Elidel and Dovonex for Psoriasis: Fewer Side Effects
Importantly, despite the study’s results, lead investigator Alexander Kreuter, MD, of Ruhr University in Bochum, Germany, says betamethasone and other topical corticosteroids should remain frontline treatment for acute intertriginous psoriasis.
What are Elidel and Dovonex?
Elidel and Dovonex are topical drugs that are used to treat intertriginous psoriasis – that is, psoriasis that occurs where folds in the skin create skin-to-skin contact (e.g., the armpit). Note: Elidel is FDA-approved as second-line treatment for eczema (atopic dermatitis), and has been used investigationally for psoriasis. Dovonex is approved to treat psoriasis.
Dovonex is a vitamin D3 analogue (i.e., a molecule similar to Vitamin D3). Elidel is a calcineurin inhibitor, which inhibits cytokine production in mast cells and T-lymphocytes. Previous studies have suggested both drugs are effective for treating intertriginous psoriasis, but none has directly compared them with corticosteroids in this setting, the investigators said.
Recent FDA Warning
In January 2006, the US Food & Drugs Administration (FDA) issued a warning regarding Elidel, as studies in animals and drug monitoring suggest that Elidel may be associated with increased risk of cancer – particularly lymphoma and particularly among young children.
The FDA has clearly cautioned that Elidel should not be used in children under two years of age. Furthermore, Elidel should be used only as a second-line agent, when other initial treatments have failed, and "only for short periods of time, not continuously," according to the FDA.
In the study by Dr Kreuter and colleagues, short-term treatment (four weeks) with betamethasone (a steroid sold under brand-name Celestone) was “clearly more effective” in reducing symptoms of intertriginous psoriasis than Elidel or Dovonex (85% vs 40% vs 62%, respectively).
However, after 70 days’ treatment, symptom-scores were similar among study-groups receiving Elidel, Dovonex or betamethasone.
This longer-term similarity in effectiveness is significant, because long-term use of topical corticosteroids, such as betamethasone, is associated with a range of adverse effects that includes skin atrophy (shrinkage), irreversible stretch-marks and adrenocortical suppression. Dr Kreuter and colleagues therefore reasoned that using "less potent" agents – such as Elidel and Dovonex – as maintenance therapy for this type of psoriasis might be safer.
Study participants included 80 adults with intertriginous psoriasis. Each participant was randomized to receive either Elidel (1%), Dovonex (0.005%), betamethasone (0.1%) or placebo (an emollient cream with no active drug).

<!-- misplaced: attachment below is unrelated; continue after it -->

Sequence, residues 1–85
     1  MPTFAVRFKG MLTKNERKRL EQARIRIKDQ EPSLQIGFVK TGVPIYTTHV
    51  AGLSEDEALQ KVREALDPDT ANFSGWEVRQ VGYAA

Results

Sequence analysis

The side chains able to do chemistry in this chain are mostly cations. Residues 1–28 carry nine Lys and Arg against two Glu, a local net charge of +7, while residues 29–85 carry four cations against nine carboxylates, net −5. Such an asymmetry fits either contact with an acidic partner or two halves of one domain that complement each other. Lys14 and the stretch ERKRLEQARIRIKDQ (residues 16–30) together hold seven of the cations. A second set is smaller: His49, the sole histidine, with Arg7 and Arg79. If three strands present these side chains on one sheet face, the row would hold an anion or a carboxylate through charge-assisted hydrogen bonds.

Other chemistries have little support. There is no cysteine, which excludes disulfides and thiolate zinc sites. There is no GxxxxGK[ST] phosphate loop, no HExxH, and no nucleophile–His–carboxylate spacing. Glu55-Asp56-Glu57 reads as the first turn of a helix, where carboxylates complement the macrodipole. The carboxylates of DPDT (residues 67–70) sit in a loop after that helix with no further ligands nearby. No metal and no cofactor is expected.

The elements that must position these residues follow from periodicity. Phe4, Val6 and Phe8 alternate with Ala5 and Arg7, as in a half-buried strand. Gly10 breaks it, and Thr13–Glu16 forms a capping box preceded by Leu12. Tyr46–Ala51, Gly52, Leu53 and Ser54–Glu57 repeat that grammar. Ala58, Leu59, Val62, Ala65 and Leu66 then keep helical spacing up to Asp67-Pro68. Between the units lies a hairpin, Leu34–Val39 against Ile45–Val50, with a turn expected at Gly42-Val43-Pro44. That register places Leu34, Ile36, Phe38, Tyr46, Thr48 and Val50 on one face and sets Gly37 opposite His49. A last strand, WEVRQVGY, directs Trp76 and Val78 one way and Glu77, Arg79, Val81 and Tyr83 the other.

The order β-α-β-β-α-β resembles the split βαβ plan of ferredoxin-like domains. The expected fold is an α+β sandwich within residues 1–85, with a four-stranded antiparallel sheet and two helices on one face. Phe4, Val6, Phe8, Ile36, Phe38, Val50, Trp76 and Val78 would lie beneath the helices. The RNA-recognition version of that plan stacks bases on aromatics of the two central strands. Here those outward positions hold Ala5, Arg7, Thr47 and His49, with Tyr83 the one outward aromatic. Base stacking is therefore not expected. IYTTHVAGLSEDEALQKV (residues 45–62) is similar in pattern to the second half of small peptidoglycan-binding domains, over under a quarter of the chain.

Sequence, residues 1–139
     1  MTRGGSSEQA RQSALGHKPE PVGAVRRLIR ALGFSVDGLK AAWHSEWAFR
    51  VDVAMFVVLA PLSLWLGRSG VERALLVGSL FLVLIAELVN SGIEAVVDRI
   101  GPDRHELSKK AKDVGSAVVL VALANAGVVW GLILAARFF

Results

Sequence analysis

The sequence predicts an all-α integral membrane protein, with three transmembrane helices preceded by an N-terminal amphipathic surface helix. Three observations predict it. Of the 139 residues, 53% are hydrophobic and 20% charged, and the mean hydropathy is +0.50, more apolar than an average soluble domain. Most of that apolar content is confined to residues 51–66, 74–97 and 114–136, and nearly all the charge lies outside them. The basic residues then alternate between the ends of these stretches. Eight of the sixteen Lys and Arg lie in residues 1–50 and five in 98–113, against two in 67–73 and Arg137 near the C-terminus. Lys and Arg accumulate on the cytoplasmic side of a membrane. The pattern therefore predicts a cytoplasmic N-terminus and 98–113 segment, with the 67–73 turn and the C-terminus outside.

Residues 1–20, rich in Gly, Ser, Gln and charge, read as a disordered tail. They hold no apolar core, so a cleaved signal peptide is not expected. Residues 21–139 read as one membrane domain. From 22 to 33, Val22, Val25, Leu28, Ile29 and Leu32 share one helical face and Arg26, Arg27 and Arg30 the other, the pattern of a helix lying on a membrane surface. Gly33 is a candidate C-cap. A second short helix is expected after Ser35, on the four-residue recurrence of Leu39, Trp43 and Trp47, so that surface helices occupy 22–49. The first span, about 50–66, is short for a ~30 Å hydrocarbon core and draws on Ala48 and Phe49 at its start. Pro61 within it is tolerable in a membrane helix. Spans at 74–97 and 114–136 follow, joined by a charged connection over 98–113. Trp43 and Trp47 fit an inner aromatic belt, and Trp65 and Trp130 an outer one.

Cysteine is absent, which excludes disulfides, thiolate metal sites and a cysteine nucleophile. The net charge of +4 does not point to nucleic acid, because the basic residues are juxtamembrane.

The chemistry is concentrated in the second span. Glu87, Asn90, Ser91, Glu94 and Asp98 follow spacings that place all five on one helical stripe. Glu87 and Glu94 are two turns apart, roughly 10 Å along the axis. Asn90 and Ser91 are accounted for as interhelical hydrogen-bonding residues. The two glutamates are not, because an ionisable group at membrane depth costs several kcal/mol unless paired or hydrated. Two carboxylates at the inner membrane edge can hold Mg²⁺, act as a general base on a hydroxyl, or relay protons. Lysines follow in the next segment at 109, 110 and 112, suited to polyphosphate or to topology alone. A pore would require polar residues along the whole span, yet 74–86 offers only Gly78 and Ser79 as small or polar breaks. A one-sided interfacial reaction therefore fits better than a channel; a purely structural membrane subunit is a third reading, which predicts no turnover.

Interestingly, at four weeks, the placebo group experienced a 21% symptom reduction, which the authors said "may not be explained by a placebo effect alone but underline[s] the known beneficial effects of emollients in the treatment of psoriasis through increased hydration of the stratum corneum and keratolytic effects."
Among all study groups, from week four through day 70 symptoms increased but remained significantly lower than at baseline. By day 70, no significant difference in symptoms existed between the treatment groups.
Dr Kreuter and colleagues said that the study results confirmed corticosteroids are still the most effective topical treatment for psoriasis, but added, "However, their use in long-term management, particularly for the treatment of intertriginous areas, which are more prone to steroid adverse effects, is limited.”
They concluded, "To combine the rapid anti-inflammatory effects of a topical corticosteroid with the favorable long-term effects and safety profile of pimecrolimus or calcipotriol, short-term application of topical corticosteroids for acute disease followed by maintenance treatment with one of these agents seems to be a reasonable approach in the treatment of intertriginous psoriasis."
Although no participants reported serious adverse events, five patients (25%) in the Elidel group reported increased itching and burning shortly after drug-application and for two weeks thereafter. In the Dovonex group, two participants reported increased erythema (skin-reddening), warmth and irritation for two weeks.
Nonsteroidal Maintenance Therapies for Psoriasis Evaluated, MedPage Today, September 18, 2006.
1% pimecrolimus, 0.005% calcipotriol and 0.1% betamethasone in the treatment of intertriginous psoriasis. Kreuter A et al, Archives of Dermatology, volume 142, pages 1139-1143, 2006.
Posted: September 2006